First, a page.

The Herald-Journal's recent editorial, "Postal progress," begged for balance in both logic and facts about the U.S. Postal Service, our employees and customers. Here's some food for thought for your readers.

While it's true that the recession and the Internet are contributing to difficult financial circumstances for the Postal Service, the major cause of loss of mail volume and revenue is the economy. Let's not all throw in the towel and turn to the Internet without considering some important facts:

* The U.S. Postal Service is our nation's third largest employer; it's employees and customers represent a functioning, viable $900 billion economic cornerstone of our economy in a time when jobs are scarce.

* Eighty-two percent of Americans still pay their bills by mail.

* Like other American businesses, the Internet has revolutionized customer service for the Postal Service with providing 80 percent of the services you get at a post office. In 2008, stamp and retail sales at the Postal Store totaled more than $442 million.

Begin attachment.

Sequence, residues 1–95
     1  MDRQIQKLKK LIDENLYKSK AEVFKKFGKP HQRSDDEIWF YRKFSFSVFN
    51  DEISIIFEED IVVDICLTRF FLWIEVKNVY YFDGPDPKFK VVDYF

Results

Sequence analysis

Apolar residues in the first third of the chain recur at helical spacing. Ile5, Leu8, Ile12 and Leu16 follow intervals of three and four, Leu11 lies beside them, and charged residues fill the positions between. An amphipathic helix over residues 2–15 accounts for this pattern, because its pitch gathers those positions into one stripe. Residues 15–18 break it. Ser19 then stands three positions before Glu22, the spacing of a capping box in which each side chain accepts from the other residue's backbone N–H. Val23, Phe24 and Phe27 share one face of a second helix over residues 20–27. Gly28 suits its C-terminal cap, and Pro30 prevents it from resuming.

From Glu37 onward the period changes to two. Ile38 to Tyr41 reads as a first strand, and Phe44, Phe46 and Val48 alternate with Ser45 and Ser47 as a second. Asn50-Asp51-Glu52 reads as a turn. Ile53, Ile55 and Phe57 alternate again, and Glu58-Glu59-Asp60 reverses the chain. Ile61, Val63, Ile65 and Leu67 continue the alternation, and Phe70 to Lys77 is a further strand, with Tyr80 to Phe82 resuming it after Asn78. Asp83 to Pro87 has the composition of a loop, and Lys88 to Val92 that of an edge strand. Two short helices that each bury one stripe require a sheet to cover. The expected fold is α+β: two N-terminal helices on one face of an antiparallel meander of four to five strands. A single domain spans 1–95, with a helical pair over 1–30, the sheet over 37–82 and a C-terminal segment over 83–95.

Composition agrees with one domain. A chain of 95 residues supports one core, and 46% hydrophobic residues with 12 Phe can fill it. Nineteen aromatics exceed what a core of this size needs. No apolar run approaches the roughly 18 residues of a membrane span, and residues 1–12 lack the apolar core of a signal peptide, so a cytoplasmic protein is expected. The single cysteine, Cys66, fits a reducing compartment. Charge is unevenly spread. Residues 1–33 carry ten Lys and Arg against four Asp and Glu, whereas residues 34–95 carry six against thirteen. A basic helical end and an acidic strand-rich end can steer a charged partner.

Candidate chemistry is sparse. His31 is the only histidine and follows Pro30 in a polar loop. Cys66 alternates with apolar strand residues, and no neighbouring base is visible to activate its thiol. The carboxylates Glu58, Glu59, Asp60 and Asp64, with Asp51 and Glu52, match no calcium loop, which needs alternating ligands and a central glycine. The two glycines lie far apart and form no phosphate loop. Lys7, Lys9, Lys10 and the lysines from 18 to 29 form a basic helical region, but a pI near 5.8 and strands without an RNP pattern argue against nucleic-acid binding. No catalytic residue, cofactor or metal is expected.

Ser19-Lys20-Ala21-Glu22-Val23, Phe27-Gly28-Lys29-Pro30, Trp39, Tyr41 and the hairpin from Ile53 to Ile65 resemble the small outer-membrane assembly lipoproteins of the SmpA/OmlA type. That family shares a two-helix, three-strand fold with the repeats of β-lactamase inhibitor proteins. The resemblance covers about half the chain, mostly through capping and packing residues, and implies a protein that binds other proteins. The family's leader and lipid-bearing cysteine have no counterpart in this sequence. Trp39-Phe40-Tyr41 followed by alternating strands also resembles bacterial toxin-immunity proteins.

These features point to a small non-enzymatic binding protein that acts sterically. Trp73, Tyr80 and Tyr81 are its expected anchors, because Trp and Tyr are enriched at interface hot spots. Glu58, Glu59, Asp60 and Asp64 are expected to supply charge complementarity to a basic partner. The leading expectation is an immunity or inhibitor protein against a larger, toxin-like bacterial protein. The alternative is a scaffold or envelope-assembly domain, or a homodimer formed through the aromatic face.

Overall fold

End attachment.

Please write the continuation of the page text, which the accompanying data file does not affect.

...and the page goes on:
* The Postal Service has the largest fleet of alternative fuel vehicles in the nation: 43,000 in all.

* According to the Environmental Protection Agency, advertising mail accounts for less than 2.4 percent of municipal waste in landfills.

* U.S. Postal Service Priority and Express packaging is free, eco-friendly and recyclable.

* Thanks to the Postal Inspection Service and the Office of the Inspector General, delivery of your mail is secure.

* Less than 4 percent of identity theft happens through the mail; the remainder comes from illegal computer access of personal information.

* Without the Postal Service providing affordable, universal, surcharge-free prices, private shipping rates would likely skyrocket.

* Is e-mail cheaper than a 44-cent stamp? Consider the cost of the computer, the Internet service provider fee, the power bill and the ongoing equipment upgrades.

* About one-third of our population does not have Internet access.

* Ideas to charge per e-mail already have been considered by Internet service providers. Without a postal alternative, service providers could charge and raise the cost for each e-mail at will.

* Other forms of communication (TV and the Internet) have a considerable negative environmental impact, sending outmoded models to landfills by the millions. According to the National Security Council, only 11 percent of computers get recycled, and small-time consumers alone add 10 million computers to landfills each year.

From the telegraph to the Internet, new technology has historically caused many predictions of the end of the Postal Service. But because the Postal Service is able to adapt and change to ensure secure, affordable, universal delivery, it has withstood similar threats to serve our country for almost 250 years.

(David Becker II is the Postmaster in Spartanburg, S.C.)